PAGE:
In this otherworldly landscape, daylight is a four-hour affair and the liquid-green aurora borealis illuminates the nighttime sky. The ubiquitous statues of the 12 Yule Lads (the Icelandic version of Santa Claus) peer out from every corner shop and kitchen window. For covetable views of the Hallgrímskirkja cathedral, check in to the Hótel Leifur Eiríksson. A five-minute walk away, you’ll find the Hand Knitting Association of Iceland, whose mittens, made with native wool, are ideal stocking stuffers. The seafood restaurant Vid Tjörnina lures locals for dinner with its classic Icelandic cuisine—how about fermented shark meat followed by shots of brennivín (a.k.a. schnapps, or “firewater”)? The best way to experience the country’s lunar terrain is by Superjeep with guide Ragnar Lovdal, who takes you to the eerily silent Langjökull glacier, rumored to shelter Iceland’s elves year-round. —Jennifer Coogan
Great Value Hótel Leifur Eiríksson (doubles from $143); Vid Tjörnina (dinner for two $80); Superjeep (tours from $245 per person).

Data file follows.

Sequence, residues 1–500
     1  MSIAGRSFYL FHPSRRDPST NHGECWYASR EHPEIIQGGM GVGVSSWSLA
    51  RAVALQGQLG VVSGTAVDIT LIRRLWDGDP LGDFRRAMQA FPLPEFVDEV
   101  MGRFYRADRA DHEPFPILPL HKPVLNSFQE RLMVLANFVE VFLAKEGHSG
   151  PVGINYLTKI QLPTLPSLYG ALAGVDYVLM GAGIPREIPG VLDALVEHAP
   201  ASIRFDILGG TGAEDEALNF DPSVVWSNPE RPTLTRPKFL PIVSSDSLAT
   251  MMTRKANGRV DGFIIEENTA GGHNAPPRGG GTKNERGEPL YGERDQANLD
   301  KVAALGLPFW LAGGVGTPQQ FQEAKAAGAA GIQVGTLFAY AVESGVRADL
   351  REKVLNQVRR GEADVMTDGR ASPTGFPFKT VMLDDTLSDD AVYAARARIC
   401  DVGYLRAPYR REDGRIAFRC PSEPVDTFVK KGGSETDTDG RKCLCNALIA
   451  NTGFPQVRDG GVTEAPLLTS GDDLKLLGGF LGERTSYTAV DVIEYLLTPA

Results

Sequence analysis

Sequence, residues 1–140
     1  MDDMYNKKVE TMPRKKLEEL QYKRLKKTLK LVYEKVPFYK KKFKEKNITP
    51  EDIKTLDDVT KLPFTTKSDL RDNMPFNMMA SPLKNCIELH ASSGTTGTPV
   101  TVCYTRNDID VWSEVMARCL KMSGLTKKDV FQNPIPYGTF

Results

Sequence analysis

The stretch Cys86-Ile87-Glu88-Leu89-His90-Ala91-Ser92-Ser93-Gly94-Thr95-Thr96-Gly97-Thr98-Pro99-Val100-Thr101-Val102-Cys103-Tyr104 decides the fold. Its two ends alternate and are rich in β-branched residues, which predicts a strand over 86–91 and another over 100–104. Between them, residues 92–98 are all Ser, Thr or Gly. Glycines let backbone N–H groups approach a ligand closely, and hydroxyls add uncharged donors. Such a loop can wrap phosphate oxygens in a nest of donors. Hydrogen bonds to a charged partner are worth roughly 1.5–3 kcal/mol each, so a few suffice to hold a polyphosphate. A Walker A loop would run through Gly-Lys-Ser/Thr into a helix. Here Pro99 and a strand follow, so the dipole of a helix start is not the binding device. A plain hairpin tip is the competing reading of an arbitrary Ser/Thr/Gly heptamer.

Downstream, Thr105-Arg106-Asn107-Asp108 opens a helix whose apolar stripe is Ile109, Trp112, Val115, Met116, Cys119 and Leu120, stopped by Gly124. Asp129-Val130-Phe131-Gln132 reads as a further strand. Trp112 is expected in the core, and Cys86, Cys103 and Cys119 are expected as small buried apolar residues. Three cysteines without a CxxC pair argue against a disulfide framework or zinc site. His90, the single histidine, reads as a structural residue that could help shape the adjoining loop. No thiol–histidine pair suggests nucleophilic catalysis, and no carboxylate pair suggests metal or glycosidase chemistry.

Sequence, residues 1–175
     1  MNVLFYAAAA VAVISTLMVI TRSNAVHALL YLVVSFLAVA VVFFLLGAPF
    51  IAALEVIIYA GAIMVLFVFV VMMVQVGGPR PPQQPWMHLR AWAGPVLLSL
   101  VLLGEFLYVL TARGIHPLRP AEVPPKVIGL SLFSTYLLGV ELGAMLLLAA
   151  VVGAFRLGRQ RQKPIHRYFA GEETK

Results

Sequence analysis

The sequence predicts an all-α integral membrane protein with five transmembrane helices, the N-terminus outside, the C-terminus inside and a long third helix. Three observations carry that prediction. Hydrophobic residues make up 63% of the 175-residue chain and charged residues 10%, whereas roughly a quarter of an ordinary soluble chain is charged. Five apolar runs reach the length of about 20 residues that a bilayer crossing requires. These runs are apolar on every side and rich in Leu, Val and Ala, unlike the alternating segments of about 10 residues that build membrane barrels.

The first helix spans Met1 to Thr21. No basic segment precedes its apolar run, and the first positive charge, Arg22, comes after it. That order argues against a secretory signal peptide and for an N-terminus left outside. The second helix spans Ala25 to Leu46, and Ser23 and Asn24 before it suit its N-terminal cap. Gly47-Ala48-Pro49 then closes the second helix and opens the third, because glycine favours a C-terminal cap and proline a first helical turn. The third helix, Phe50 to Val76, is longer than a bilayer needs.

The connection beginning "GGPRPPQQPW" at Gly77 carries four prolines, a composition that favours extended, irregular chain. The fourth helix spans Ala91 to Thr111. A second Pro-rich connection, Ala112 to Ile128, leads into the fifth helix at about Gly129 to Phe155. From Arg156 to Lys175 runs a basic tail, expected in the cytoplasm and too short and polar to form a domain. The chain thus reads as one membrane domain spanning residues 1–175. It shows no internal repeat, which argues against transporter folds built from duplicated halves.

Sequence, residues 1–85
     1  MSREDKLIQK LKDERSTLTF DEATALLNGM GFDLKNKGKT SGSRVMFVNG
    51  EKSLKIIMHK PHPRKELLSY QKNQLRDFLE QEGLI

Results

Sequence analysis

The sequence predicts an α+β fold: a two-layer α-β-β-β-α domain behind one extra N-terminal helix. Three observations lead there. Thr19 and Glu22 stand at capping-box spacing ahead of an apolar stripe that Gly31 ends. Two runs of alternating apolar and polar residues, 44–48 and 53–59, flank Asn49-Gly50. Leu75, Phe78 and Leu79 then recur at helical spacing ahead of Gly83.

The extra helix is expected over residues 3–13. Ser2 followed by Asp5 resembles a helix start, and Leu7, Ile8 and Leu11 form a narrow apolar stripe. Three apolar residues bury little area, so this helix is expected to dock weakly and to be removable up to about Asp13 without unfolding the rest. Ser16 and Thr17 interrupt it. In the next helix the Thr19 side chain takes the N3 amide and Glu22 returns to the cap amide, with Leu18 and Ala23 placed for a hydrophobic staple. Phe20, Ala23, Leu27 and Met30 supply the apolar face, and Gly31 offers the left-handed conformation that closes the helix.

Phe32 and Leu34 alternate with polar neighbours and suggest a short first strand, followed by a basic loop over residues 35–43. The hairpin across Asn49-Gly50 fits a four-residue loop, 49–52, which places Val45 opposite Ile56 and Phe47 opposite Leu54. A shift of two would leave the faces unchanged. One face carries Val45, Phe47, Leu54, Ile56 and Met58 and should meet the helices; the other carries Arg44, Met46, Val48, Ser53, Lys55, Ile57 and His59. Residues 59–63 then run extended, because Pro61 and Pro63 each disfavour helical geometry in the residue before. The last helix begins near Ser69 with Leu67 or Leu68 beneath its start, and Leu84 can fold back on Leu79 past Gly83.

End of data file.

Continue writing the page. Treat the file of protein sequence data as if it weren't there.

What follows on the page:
Santa Barbara, California
During winter, the coastal towns in Santa Barbara County combine New England–style comfort and old California elegance with outrageous holiday kitsch. In Montecito, the 500-acre San Ysidro Ranch could be a Vermont hunting lodge (rooms have wood-beamed ceilings and stone hearths), except that it’s 20 minutes from world-class surfing at Rincon Beach. Meanwhile, amid the vintage Victorian houses on nearby Summerland’s main shopping street, Stacky’s Seaside stands out like a grounded trawler. Fortify yourself with its fish and chips before hitting the Summerland Winery’s tasting room for a wine that shouldn’t work but does: a sparkling Zinfandel. Six miles south, there’s Carpinteria, a quirky, bohemian beach hamlet where Christmas seems to last all year—its waterfront boulevard is even called Santa Claus Lane. —M. G. Lord